Hey! I like to do this every few years or however long it is. The important things I have to say are:
1. Above are the arms of Tam Dalyell, former socialist MP. I think we can all agree they are a mess. Normally I would say that the sheer fussiness is the problem but oddly I think this one might work if it weren't for the hideous crossed weapons.
Normally, arms get muckier over time as you add achievements and folderols to pacify the families of wives you have taken because they were rich and whose daddies are furious their names will die out. But here the crossed weapons have been there from the start, because the quarter repeated top left and bottom right show the original arms of Tam o' The Binns, the founding father of the house, who was a bloody baron in the seventeenth century. He was a royalist (his reputation was probably blackened by the few of his enemies he left unslaughtered).
He also had exciting times as a successful Scots general in the armies of Moscow. Quite a lot of Scots did this and not just in Dorothy Dunnett. He also beat the devil at cards, and the devil threw the card table at him, but it missed him - the devil can't throw very straight but he has a huge arm, like an early Byron Leftwich (NFL joke) - and ended up in the pond.
This doesn't explain the naked man. If I didn't have to write a bee play I would do more research.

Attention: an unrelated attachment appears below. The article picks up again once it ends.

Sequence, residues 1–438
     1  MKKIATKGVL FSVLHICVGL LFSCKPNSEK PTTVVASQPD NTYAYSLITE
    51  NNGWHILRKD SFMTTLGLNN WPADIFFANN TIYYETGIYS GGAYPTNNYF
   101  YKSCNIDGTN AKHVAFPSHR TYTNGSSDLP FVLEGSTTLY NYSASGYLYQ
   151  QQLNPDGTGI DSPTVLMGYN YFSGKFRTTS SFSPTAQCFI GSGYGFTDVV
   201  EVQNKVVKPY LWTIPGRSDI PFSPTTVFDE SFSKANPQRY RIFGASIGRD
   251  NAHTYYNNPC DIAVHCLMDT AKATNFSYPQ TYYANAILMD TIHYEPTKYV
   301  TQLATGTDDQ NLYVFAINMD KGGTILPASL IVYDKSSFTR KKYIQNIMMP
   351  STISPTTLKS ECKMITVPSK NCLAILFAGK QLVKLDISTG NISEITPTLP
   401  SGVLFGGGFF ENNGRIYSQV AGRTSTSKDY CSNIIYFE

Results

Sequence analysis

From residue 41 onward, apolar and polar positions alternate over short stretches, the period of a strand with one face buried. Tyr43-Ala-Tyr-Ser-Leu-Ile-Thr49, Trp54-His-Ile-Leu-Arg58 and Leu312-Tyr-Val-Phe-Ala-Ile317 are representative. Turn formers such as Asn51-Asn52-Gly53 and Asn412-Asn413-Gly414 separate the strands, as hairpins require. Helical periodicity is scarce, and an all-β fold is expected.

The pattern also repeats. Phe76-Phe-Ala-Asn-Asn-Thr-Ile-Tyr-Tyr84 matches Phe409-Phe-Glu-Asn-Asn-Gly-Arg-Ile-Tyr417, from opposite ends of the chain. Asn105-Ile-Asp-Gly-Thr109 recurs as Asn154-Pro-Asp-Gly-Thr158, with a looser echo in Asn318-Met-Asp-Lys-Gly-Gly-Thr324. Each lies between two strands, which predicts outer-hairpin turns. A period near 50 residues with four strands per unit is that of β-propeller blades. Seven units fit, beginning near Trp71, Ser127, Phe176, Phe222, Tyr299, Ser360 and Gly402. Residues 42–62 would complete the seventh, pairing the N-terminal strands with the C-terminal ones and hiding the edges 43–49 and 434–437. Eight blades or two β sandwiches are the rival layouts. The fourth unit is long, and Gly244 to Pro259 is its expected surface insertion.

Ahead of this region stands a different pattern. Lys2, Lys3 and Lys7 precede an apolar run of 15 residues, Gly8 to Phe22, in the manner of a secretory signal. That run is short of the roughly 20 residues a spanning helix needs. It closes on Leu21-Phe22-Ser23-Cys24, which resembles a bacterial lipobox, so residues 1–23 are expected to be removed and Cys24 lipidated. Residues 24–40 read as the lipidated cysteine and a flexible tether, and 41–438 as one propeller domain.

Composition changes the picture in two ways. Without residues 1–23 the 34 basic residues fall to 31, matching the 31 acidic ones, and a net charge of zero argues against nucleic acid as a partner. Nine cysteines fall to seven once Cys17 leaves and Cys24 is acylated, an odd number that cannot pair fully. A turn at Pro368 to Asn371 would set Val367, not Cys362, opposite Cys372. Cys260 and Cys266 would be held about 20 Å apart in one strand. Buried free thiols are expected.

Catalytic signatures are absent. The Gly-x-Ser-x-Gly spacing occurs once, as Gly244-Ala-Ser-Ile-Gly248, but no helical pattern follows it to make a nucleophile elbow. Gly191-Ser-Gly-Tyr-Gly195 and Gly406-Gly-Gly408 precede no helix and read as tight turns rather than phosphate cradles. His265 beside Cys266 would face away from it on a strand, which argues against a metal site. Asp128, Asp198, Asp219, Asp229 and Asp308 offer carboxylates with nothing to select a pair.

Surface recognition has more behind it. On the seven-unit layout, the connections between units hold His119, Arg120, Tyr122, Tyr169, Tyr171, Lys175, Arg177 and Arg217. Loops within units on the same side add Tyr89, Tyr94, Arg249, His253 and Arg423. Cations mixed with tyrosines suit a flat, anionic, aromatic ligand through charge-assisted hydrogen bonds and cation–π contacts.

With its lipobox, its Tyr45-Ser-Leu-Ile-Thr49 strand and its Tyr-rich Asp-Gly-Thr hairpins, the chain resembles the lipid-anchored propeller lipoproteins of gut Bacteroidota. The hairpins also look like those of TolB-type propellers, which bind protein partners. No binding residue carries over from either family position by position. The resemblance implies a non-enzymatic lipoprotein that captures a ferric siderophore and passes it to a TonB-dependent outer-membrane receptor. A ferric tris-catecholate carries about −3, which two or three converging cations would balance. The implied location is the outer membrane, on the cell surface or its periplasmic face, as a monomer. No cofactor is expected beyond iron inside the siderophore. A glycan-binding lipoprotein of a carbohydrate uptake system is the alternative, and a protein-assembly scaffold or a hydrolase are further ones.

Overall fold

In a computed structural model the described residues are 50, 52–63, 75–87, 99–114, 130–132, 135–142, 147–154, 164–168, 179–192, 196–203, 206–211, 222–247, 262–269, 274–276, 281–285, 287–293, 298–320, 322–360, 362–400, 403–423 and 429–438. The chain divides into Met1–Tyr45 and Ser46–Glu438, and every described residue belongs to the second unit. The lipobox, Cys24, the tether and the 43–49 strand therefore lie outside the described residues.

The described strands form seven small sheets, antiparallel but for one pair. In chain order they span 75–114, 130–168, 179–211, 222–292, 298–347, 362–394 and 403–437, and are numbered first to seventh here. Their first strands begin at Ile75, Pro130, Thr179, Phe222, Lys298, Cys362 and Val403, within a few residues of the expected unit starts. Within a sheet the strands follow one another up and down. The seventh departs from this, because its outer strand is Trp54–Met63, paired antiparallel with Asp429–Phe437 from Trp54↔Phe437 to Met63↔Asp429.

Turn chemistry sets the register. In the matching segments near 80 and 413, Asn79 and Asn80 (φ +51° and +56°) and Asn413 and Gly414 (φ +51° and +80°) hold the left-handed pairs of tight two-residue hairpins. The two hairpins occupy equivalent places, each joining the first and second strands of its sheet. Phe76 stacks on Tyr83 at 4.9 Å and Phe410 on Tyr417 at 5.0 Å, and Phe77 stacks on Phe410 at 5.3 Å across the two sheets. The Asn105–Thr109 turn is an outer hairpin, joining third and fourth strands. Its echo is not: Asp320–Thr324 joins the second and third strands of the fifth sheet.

2. Language watch: people are using the words obviously and of course all the time and I think it's a problem. Even if something is obvious to you, if many people disagree, then it it's most likely not obvious and there is no 'of course' about it. The only alternative is that all these other people are evil or mendacious. So if you use the words, then you build a framework wherein people disagreeing with you are evil and bad. Usually, they just have different points of view or priorities.
I do it, obviously. Also, this is not saying some things shouldn't be 'of course'. Of course racism is wrong, etc. But because there are such clear wrongs going on right now, I think the language is leaking to a lot of places where things really, really aren't obvious and saying they are is digging you into a mindset that's not helping you and it's not helping me.
3. Language watch 2: broken and destroyed, used of people's emotions: 'I am broken by this news', 'This destroyed her', etc. I think this is recent (last few years). It is now solidly in contemporary novels. I assume this means it will stick and people will be surprised it didn't exist before but I think it didn't really. Certainly not in any routine way.
4. Language watch 3: I have mentioned that novelists use 'skittering' too much before. This hasn't stopped them. You'll almost never get through a book without it and very frequently you will get it more than once. This is much more often than the word appears in the world. There is something about it that really appeals to writers while writing.
(I know this because I noticed in my second book in time to reduce the skittering and I hope I took it down to one but maybe I thought I should be permitted two which I really shouldn't have been. I am so weak.)